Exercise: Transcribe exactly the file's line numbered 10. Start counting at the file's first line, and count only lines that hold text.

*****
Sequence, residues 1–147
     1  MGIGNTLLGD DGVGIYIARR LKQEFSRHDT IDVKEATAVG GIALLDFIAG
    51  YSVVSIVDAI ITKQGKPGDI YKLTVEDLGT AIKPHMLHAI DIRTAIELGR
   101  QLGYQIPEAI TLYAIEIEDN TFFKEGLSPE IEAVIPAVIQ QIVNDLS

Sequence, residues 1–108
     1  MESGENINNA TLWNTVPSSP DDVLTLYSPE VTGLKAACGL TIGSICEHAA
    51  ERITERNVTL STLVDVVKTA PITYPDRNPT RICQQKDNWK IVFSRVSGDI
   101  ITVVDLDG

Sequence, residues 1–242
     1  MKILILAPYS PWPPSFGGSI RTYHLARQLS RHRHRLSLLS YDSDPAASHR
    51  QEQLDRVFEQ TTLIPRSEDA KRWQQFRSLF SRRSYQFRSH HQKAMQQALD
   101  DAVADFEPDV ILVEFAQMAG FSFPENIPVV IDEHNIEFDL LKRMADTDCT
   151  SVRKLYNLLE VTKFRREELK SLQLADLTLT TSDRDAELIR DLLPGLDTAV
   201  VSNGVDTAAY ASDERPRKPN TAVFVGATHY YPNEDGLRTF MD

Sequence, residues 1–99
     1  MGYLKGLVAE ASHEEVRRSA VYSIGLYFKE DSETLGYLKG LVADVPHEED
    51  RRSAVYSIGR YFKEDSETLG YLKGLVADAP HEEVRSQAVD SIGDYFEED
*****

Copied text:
     1  MKILILAPYS PWPPSFGGSI RTYHLARQLS RHRHRLSLLS YDSDPAASHR